The book that has been taken into consideration goes by the name of “The Child Who Never Grew” and has been written by Pearl S. Buck. It has been said that the book being analyzed is the factual narrative of the great effort of the novelist subsequent to getting to learn that her offspring Carol, who took birth in 1920, was psychologically handicapped. The Woodbine House edition that was presented in the year 1992 consisted of a prologue by James Michener, an overture by Martha M. Jablow, as well as an ending by Janice C. Walsh, beingPearl’s daughter and Carol’s sister.
In her intro Jablow has noted that “Child” was basically first introduced to the readers as an article in “Ladies Home Journal” in the year 1950 and was before long after that made available in the form of a book. It is believed that this book is definitely a milestone in the writings related to disabilities. It has further been noted that psychological retardation “carried a shameful stigma” at the time when this story had at first been published by the author. Historical contexts have also been presented for the main text.
“Mine was a pretty baby, unusually so. Her features were clear, her eyes even then, it seemed to me, wise and calm. She looked at me and I at her with mutual comprehension and I laughed”.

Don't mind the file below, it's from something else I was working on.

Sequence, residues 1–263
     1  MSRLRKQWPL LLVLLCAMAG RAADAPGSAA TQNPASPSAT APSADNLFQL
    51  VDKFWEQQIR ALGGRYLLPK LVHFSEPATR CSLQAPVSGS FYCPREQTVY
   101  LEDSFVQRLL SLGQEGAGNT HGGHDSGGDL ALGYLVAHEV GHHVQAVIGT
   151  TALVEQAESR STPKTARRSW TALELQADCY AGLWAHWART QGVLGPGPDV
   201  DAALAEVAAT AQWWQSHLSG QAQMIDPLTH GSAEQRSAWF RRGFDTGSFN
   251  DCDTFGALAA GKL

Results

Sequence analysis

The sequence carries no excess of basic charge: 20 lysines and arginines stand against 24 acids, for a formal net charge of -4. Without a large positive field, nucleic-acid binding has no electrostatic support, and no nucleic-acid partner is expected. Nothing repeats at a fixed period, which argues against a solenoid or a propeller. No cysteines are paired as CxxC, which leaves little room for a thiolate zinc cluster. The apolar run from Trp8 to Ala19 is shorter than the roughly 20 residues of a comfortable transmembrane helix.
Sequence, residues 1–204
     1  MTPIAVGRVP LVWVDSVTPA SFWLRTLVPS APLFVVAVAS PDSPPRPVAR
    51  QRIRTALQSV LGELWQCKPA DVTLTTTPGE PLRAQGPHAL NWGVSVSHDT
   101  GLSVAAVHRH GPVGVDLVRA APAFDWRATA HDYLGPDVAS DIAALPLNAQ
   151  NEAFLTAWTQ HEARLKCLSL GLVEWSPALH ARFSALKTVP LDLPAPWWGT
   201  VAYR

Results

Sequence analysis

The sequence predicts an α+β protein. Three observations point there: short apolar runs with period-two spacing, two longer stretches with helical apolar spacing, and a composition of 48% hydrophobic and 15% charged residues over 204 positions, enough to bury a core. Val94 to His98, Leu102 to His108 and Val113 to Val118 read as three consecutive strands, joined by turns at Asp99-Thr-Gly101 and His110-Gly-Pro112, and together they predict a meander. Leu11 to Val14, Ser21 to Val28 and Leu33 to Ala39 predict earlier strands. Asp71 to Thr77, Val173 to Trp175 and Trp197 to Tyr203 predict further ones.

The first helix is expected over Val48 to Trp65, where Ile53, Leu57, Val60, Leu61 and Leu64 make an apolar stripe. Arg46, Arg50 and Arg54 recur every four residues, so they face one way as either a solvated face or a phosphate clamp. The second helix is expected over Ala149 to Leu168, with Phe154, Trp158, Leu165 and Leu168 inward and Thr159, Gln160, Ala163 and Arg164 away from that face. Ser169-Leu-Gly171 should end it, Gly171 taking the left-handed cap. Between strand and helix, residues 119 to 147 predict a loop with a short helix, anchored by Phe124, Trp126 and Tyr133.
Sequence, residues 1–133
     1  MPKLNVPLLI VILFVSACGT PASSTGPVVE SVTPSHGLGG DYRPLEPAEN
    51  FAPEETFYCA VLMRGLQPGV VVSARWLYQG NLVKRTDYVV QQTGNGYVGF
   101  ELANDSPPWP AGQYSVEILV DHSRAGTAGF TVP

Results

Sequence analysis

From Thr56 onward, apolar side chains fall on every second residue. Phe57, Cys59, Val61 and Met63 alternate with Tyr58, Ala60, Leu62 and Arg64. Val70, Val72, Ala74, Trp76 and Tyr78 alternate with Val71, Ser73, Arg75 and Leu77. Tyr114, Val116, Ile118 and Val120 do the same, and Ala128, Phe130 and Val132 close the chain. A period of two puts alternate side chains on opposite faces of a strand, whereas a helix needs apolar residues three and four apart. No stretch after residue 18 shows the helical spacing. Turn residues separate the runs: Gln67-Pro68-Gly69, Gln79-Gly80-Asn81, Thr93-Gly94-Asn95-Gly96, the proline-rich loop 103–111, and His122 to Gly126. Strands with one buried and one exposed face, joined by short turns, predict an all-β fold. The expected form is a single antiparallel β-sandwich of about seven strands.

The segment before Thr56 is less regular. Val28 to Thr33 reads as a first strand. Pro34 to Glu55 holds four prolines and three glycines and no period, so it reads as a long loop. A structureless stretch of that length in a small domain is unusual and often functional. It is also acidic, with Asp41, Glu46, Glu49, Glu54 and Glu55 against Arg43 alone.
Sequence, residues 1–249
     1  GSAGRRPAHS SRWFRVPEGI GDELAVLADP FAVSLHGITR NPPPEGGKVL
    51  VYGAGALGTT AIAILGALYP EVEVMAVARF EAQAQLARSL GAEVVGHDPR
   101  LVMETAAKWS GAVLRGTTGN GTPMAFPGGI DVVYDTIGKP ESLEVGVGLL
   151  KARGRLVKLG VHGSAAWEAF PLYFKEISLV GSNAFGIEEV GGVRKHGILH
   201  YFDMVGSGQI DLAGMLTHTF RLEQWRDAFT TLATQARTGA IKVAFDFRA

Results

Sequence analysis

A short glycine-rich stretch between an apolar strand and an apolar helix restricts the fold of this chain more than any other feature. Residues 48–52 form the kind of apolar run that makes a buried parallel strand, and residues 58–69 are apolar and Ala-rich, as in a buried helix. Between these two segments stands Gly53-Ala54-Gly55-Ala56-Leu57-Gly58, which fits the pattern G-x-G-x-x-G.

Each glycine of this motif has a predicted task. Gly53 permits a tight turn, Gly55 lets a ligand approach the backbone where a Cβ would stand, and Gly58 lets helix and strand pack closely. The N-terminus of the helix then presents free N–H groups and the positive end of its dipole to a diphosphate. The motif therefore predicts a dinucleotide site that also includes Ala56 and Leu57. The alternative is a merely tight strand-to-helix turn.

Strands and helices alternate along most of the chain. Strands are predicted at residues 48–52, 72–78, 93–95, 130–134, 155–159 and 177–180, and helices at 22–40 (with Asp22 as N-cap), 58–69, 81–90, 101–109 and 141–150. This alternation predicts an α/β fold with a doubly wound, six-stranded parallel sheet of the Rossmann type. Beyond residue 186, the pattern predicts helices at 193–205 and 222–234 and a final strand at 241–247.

Pearl S. Buck
In the book that has been taken into consideration, the author has written very touchingly of the despondency that she felt and the pain she went through when she found out about the ailment or the retardation faced by her daughter. She tells the readers about her consciousness of the dishonor that was prevalent back in those days in opposition to people like Carol, and in addition tells about how she looked around for an establishment where the special needs required by her daughter could be met. Buck overpoweringly supports the compassion and significance of the psychologically retarded and what is more is that she tells us of all that she learnt with her experience with Carol. In the words of the author, “I learned respect and reverence for every human mind. It was my child who taught me to understand so clearly that all people are equal in their humanity and that all have the same human rights.” (Buck, 1992).
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